Expect more negative coverage, most journalists say

Research from nfpSynergy finds that more than two-thirds of journalists surveyed believe there will be more coverage focusing on charity failures

More than two-thirds of journalists believe charities should expect more negative media coverage in the future, according to new research from nfpSynergy.

The research consultancy’s Journalists’ Attitudes & Awareness Monitor, based on an online survey of 162 journalists carried out between October and November 2015, says that 70 per cent either agreed or strongly agreed with the statement "I think there will be more critical media coverage of charities in the future"; only 6 per cent disagreed.

Sixty-five per cent of respondents, each of whom had covered at least one charity story in the six months before participating in the survey, said they believed the media should be doing more to scrutinise charities; 7 per cent thought this was unnecessary.

Almost half of the respondents – 45 per cent – said they thought charities had responded well on the whole to recent media coverage; 21 per cent said they thought the opposite.

Sixty-eight per cent said they thought charity fundraising needed to be regulated more tightly; 6 per cent disagreed. Just over half – 52 per cent – said they believed such regulation should be tighter even if it meant charities raised less money; 18 per cent said they did not believe this.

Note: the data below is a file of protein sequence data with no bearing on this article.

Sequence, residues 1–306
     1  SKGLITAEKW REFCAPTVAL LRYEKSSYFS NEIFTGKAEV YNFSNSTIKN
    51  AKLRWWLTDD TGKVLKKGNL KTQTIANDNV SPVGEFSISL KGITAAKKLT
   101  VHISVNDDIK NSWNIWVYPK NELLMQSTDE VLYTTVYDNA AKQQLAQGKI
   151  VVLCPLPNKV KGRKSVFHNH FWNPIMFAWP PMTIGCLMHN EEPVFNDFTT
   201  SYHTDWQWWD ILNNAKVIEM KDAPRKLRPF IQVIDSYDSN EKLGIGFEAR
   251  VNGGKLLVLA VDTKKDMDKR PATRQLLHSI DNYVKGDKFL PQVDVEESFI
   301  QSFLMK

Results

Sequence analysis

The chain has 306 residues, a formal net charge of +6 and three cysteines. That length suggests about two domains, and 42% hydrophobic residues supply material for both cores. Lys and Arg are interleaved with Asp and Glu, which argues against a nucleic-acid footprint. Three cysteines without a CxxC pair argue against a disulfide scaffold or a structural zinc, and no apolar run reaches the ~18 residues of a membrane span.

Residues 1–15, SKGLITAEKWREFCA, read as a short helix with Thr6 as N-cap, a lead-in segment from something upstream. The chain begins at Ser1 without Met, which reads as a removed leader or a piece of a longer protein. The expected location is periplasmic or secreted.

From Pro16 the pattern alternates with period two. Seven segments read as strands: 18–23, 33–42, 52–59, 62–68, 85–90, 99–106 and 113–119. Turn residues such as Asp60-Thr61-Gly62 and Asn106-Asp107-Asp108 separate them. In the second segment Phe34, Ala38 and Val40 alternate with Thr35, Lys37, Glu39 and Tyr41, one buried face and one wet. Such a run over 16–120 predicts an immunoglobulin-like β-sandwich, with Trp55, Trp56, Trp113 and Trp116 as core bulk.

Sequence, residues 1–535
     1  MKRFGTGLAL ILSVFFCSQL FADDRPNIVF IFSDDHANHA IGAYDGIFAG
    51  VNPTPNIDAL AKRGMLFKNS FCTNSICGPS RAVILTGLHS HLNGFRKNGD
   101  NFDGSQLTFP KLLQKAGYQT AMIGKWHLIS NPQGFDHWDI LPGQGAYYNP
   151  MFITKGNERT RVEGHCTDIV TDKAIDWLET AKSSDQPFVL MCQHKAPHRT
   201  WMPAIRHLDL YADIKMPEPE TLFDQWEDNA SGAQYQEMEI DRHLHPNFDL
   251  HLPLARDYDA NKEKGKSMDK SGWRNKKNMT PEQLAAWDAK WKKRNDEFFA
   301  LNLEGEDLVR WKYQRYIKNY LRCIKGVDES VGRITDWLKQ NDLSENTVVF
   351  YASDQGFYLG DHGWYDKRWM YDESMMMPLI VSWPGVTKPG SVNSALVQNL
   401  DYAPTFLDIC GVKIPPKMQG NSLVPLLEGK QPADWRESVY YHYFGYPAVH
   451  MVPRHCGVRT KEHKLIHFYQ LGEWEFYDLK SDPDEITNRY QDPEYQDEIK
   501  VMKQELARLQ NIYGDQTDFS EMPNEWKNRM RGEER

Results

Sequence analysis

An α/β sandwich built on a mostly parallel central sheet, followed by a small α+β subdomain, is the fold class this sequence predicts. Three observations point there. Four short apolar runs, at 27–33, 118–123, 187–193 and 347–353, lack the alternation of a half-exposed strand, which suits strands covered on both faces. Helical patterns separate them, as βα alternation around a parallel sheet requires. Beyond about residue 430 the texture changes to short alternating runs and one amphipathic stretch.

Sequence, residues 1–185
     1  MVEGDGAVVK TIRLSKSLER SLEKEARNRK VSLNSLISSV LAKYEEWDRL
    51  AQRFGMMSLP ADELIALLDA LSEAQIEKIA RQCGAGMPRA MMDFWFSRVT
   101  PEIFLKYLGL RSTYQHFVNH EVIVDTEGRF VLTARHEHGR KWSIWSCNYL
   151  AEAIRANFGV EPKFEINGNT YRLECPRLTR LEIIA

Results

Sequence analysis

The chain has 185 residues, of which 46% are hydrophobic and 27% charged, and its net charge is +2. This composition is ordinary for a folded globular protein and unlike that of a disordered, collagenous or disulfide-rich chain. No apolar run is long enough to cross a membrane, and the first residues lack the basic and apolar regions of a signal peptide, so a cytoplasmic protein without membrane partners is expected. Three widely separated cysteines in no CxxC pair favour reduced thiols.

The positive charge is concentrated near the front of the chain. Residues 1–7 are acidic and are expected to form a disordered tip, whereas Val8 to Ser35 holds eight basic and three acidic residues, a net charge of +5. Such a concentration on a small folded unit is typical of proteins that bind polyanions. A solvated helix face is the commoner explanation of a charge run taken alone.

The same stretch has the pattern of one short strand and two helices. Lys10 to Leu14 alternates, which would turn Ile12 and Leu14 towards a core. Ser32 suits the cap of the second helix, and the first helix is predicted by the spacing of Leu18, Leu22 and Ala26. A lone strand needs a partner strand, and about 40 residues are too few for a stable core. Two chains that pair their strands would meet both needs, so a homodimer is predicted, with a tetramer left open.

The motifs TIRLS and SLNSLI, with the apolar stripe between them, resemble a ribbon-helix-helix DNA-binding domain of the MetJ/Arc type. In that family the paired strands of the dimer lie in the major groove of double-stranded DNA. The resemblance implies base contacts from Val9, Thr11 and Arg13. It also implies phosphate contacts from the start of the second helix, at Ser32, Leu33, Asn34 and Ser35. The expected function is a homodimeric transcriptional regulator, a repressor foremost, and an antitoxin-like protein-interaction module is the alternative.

The monitor says that the majority of journalists – 57 per cent – disagreed with the statement "I would be less likely to cover a story about a charity beneficiary because of recent media stories", and just over half – 51 per cent – denied they would be less likely to cover charity campaigns.

The journalists were asked if they believed charities had done a good job of defending and explaining their fundraising practices in light of recent media coverage. The editor of a multimedia news agency, who was not named, said: "There has been a patchy response. I think the vast majority of people still believe charities do a good job, but more financial scrutiny is inevitable and I sense a reluctance among many charities to accept that and be proactive in their response."

A reporter on a daily newspaper responded: "I think they have. However, it was a situation that should have never happened in the first place. Although I think the charities in question were wrong, I do not think they were to blame. The regulations in place were to blame."

Karen Barker, a researcher at nfpSynergy, said: "This research shows that although media scrutiny of the charity sector is the new normal, journalists are still keen to showcase the great work that charities do.

"Journalists see themselves as gatekeepers to the general public’s attention and, ultimately, their donations. They take this responsibility very seriously. Media teams need to be prepared to demonstrate transparency and integrity before they can expect journalists to provide them with a platform."

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